On the negative side, several stories refer to witches, including Strega Nona, Teeny-Tiny and the Witch Woman, and By the Light of the Halloween Moon. The Teacher from the Black Lagoon is a bit scary for young children, although it is very imaginative. Others include references to spirits or gods of some sort. Hot Hippo referenced a "god of everything and everywhere." The Village of Round and Square Houses refers to ancestor spirits and calls the volcano "Our mother." A Story, A Story includes "Nyanme" the sky god, and Rain Babies calls on "Mother Moon Shower" to bestow a human child on a couple longing for children. Many of these stories can be enjoyed with additional explanation and discussion, but parents should be wary of allowing children to view the stories without supervision. The Tale of the Mandarin Ducks refers to "merciful Buddha." Although this particular story offers some positive elements (such as a loving couple having many children and being very happy), we still found a reference to Buddha inappropriate for such a young age group. A minor complaint is that the words in the "read-along" mode sometimes covered the pictures a great deal. And I wish the stories were automatically in read-along mode with the option being to turn off the words, rather than vice-versa.
Our most adamant complaint regarding this product has to do with the inclusion of a controversial story that could have easily been left out of this set. In The Night Kitchen, a lesser-known book by Maurice Sendak, has repeatedly been criticized for its inappropriate subject matter for young children. It tells of a child who is curious about the nighttime noises of the kitchen, but in the process of his dreamlike state, his pajamas slowly fall off and he becomes completely nude. Our family considers nudity in any book for children inappropriate, and therefore we will not view the video again. We are disgusted that Scholastic would flaunt that particular title when more appropriate options are readily available.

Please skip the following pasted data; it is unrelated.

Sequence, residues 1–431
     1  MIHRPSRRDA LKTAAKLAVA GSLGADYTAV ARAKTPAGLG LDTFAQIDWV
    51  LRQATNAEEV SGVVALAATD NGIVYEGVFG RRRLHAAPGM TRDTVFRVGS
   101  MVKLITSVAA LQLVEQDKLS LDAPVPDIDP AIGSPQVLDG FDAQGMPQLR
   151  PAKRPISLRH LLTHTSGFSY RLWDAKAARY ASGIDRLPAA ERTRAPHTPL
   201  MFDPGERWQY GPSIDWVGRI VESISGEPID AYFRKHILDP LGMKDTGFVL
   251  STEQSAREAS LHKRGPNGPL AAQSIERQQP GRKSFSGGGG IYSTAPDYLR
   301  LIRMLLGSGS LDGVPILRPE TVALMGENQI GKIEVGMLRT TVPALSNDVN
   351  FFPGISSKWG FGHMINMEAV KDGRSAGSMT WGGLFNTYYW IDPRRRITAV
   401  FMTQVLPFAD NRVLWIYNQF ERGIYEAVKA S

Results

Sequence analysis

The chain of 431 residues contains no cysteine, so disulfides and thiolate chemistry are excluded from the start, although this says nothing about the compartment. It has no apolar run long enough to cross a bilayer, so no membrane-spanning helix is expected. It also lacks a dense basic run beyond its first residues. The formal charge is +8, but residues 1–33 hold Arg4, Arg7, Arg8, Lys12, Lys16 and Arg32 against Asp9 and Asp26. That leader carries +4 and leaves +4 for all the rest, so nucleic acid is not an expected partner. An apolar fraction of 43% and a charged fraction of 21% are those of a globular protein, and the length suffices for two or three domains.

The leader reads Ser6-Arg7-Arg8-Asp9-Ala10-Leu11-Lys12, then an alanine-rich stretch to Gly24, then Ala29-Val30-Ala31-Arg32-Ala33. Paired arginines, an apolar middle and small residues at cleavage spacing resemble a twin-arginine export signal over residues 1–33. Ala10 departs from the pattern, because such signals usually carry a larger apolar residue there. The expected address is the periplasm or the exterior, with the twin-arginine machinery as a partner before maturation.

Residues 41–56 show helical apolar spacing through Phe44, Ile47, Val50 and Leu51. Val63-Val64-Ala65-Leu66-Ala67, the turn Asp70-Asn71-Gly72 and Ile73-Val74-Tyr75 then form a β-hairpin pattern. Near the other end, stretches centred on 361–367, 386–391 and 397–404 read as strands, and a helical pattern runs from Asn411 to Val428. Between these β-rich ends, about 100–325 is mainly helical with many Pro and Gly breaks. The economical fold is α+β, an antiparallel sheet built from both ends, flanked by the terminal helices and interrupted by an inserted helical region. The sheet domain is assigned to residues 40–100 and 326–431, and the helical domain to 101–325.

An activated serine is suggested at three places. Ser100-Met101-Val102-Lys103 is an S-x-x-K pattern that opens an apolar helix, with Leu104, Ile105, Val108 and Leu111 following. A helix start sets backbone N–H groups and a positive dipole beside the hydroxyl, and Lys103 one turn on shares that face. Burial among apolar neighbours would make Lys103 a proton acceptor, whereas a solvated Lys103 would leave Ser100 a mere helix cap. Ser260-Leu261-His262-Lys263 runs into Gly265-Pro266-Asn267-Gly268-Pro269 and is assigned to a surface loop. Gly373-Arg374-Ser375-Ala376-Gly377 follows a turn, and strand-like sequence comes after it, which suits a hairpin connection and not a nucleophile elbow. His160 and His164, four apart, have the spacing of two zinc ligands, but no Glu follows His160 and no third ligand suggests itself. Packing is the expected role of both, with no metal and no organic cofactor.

We love books and often enjoy viewing movie representations of our favorites on a Saturday afternoon. This product offers an excellent opportunity for families to purchase 16 DVDs at a much lower cost per video because of the inclusion in a set. Most of the titles are suitable for young children and will be greatly enjoyed by families. I would strongly encourage reading the actual books before viewing any of these DVDs, as that will help solidify the value of real books over movie versions. Most libraries will carry the classics found in this set. Even the stories with objectionable references hold value because of the opportunity for family discussion. And of course, parents could simply skip over any DVDs or stories they deemed inappropriate for their family. We would not suggest throwing out the whole set because of a few "bad apples." The Treasury of 100 Storybook Classics will provide hours of enjoyment for the entire family.